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Family Photo Outfits~ A Style Guide

January 30, 2023

You’ve browsed local boutiques and hit up your favorite online stores. You’ve rounded every aisle of Target, twice. You picked one set of colors but couldn’t find anything in your toddler’s size. You went back to the store to return it all and go with a different palette only to find nothing for your teen. There isn’t enough pop of color, there are too many conflicting patterns, the various shades of blue don’t seem to flow. It’s exhausting! Even as long as I’ve been doing this, I still stress about coordinating our family photo outfits. I get you. So let’s go through a few guidelines that can make the process just a bit easier when



While I love a good pair of sweatpants {insert a book and glass of wine here}, that’s not quite what I mean. Maybe you’re tired of what you have and you’d like to take a risk with something different- awesome! But I recommend doing this on a date night dinner or out to a concert.
Select the cuts and styles that always stop you in the mirror with, “Dang, I look good.” Having outfits that give you confidence will directly transfer to how you feel during your portrait session. And I want you to feel comfortable! After all, these are the portraits you’ll hang in your home and send out in holiday cards.


Neutrals, nuetrals, nuetrals! Whatever your favorite colors, neutrals will always make your portraits timeless. When investing into purchasing prints or wall hangings, holiday cards, or sharing with family, having a neutral color palette will help you love them for a very long time.
Cool neutrals are colors such as sage, ivory, grey, taupe, blush, and dusty blue.
Warm neutrals are colors such as taupe, cream, browns, olive, rust, and mustard.



Oh patterns, you are beautiful and sometimes confusing. When does it start to look too busy? What types of patterns clash? {OK side note, clashing patterns were recently a trend and I’m not talking about flowers with checkers. I’m saying like your grandma’s quilt with your other grandma’s quilt in bright and opposite colors. Click here for a good time.} I digress.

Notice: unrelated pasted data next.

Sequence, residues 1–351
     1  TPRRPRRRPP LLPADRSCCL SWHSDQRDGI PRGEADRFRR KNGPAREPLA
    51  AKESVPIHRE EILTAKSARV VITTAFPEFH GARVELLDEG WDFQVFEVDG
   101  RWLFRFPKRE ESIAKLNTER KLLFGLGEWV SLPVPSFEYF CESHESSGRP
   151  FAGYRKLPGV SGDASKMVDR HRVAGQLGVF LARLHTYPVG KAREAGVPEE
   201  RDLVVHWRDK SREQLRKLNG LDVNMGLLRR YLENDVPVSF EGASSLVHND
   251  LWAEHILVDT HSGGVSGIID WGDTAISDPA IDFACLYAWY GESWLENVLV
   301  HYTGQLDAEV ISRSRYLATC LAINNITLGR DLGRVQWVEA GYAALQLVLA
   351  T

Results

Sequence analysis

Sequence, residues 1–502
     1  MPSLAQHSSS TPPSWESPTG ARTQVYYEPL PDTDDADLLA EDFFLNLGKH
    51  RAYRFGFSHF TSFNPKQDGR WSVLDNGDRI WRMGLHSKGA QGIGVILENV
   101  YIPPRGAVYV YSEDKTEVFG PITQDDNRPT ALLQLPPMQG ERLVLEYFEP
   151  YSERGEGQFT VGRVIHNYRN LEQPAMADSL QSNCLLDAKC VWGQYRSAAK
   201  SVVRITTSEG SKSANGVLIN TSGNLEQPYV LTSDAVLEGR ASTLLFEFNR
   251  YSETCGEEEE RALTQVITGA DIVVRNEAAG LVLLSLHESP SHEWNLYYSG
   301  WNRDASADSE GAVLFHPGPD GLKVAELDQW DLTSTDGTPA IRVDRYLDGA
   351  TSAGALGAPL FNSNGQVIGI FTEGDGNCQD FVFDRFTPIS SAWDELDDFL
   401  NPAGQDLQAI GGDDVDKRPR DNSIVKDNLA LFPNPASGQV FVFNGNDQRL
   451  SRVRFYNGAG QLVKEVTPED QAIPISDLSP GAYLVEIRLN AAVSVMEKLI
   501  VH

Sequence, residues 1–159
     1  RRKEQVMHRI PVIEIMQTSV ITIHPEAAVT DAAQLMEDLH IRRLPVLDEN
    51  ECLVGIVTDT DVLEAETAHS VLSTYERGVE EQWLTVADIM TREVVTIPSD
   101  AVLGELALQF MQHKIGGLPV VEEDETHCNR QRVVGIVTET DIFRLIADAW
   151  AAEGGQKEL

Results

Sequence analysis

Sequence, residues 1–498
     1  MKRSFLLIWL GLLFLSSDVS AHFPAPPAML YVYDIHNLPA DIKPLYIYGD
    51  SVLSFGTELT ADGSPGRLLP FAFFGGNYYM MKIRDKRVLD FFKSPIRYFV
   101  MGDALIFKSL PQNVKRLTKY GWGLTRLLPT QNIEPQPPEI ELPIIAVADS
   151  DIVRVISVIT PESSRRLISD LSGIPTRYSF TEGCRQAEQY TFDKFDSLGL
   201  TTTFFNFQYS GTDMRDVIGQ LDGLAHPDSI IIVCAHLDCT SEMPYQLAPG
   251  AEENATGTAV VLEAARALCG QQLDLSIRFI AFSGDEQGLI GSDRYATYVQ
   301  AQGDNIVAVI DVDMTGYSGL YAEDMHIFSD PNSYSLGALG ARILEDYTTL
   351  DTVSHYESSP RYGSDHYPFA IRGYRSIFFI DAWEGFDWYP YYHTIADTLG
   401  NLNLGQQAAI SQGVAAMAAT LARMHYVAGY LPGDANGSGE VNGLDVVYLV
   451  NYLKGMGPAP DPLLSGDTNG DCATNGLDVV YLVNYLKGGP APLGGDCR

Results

Patterns can add dimension and texture to an otherwise minimalistic color scheme. Honestly speaking, I don’t mind the minimal look but if you need a little pop then go for it!
When I’m coordinating for my family I start with 3-4 neutral colors that compliment each other and work with our skin tones. They’re usually colors we wear often or know we like. Then I’ll find a patterned item such as a dress or shirt and build out the rest of the outfits from there. I’ll often keep the majority what we’re wearing as solid colors while accenting with some pattern. This really provides an elevated, timeless, look without seeming overly busy.
The clients in the portraits above and below are a great example of how to incorporate a couple of patterned items with solids in the same scheme. Taking from the mom’s dress and working out from there would be the easiest approach.

Things to avoid

My hope is that you will love your family portraits for years beyond your session, so here are a few suggestions on things you might want to avoid the next time you select family photo outfits. Above all, it’s your investment so BE YOU.


For more ideas follow my mood boards on Pinterest here.
Interested in a session with me? Can hardly wait to meet you! Find me here: Brittany Ann Photography

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